For most of the book, Jack takes a flotilla around the Mediterranean, detaching ships here and there, fighting now and then. We’re back in the waters of The Ionian Mission and Traitor’s Harbour. As with those books we’re caught up in plots among minor Ottoman functionaries who might take Napoleon’s side rather than with the French directly. There are some charming engagements and some very fine sailing and gunnery, and everyone is very characteristically themselves—except that Stephen spends most of the book unutterably miserable and grief-stricken. Napoleon loses, of course, but not before Jack has taken an excellent prize, and the book ends with the prize money being divided just as the ship sails off in the newly remade peace towards South America.

There’s only one more volume, unfortunately.


Jo Walton is a science fiction and fantasy writer. She’s published two poetry collections and nine novels, most recently Among Others, and if you liked this post you will like it. She reads a lot, and blogs about it here regularly. She comes from Wales but lives in Montreal where the food and books are more varied.

Re-reading Patrick O'Brian's Aubrey-Maturin series: ‹ previous | index | next ›
24 comments
Trent Goulding
1. Trent Goulding
I could never reconcile myself to not only Diana shuffling of this mortal coil so off-handedly off-screen, but also Bonden, for the love of all that's good and holy! It always felt like a cheat, not that I'm demanding a long, bathetic leave-taking--hardly O'Brian's style, after all--but still...

I always had the sneaking suspicion that O'Brian identified with Stephen in some ways as an alter-ego--not sure how supportable that suspicion is--and I seem to recall that O'Brian's wife passed away around this time. I've sometimes wondered how, or if, that event impacted the passing of a couple of major series characters from the stage. Irresponsible speculation, I suppose.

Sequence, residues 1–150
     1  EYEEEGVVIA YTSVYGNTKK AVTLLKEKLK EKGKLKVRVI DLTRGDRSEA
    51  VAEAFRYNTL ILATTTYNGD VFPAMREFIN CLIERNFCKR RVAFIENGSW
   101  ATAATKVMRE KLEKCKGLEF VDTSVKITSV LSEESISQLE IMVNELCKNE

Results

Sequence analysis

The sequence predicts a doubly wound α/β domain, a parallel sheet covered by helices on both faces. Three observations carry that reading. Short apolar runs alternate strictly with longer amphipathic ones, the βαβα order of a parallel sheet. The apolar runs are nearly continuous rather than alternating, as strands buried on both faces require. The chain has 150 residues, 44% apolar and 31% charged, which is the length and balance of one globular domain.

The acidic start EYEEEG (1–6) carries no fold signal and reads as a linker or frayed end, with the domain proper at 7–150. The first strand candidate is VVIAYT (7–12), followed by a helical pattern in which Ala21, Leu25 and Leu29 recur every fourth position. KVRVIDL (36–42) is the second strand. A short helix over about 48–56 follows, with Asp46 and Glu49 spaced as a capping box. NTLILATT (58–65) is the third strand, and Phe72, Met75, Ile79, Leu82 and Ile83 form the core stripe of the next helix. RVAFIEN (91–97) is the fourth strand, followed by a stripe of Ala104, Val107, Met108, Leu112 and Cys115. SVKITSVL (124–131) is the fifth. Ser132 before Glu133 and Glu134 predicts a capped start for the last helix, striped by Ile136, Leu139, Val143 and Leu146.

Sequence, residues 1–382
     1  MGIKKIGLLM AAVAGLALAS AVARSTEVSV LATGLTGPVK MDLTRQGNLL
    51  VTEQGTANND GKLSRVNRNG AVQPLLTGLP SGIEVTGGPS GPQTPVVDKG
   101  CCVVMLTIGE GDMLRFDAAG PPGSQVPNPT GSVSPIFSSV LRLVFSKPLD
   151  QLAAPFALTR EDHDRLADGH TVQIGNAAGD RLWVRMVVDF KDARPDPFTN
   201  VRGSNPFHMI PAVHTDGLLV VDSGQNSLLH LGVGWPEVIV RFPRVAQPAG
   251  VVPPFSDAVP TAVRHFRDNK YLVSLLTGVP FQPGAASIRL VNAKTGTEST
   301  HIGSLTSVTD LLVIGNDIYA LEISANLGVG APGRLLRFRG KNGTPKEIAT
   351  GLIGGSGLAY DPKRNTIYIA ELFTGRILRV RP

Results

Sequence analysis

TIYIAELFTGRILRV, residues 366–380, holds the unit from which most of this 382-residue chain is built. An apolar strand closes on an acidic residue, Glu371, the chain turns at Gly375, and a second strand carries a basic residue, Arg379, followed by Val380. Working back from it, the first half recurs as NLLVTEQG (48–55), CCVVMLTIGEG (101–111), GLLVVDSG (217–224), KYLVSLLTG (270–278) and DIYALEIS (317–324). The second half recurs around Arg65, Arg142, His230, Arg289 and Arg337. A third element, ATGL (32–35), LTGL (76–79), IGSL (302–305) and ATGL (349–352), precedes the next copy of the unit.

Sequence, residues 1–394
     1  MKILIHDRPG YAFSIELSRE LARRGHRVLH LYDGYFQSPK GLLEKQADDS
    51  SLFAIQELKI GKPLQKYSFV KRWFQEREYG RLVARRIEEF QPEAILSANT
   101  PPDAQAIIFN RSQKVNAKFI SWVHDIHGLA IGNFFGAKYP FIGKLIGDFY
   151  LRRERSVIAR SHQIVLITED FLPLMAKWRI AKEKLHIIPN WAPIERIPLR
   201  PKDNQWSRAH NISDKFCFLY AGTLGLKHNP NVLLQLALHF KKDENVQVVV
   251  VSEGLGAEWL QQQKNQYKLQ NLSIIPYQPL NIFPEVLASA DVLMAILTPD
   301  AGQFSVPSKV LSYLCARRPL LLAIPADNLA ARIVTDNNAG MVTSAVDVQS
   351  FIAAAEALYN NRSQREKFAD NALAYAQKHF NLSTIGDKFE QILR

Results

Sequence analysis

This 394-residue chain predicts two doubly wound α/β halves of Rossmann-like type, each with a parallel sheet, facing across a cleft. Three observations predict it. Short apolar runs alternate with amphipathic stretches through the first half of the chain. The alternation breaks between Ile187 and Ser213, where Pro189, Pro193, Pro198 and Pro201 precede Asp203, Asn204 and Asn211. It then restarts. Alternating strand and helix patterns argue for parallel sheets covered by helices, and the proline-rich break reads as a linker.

In any event, this isn't one of my favorites, either.
Trent Goulding
2. reaeverywhereelse
Was James Wood real, or fictional? He sure seems real as O'Brian describes him, but a googe search doesn't reveal anyone of that name governing Sierra Leone in the Napoleonic era.

This is another of O'Brian's littel quirks, the invented character who so plausibly fits into history that you feel he must exist. There really was a Heneage Dundas, for example, but not O'Brian's Heneage Dundas--the one in history wasn't Lord Melville's son.
Kate Nepveu
3. katenepveu
Re: Diana: I was really pissed.

1) Off-screen?!

2) She could _too_ take that curve.

3) Her eulogy is that she was no kind of wife to Stephen? That's it? 

She deserved so, so much better. I was incredibly disappointed that O'Brian didn't give it to her.
Tex Anne
4. TexAnne
I'm always sorry when I get to Diana's death, and I agree that she was a much better horsewoman than that, but I'm usually too busy being delighted about Mrs. Williams to mourn Diana properly. (I retcon the crash by imagining that Mrs. Williams screeched and clutched her at exactly the wrong moment. She would do something like that!)

The first time I read it, I came to a standstill when Bonden went--in half a sentence? Nooooo! I expect fiction to be more artistically arranged than reality, else why bother?

I'm sure that Stephen and the pott0-woman will be very happy together. Their son will be named John Barret Maturin, and he will grow up to be Darwin's best collaborator.
Pamela Adams
5. Pam Adams
katenepveu@3,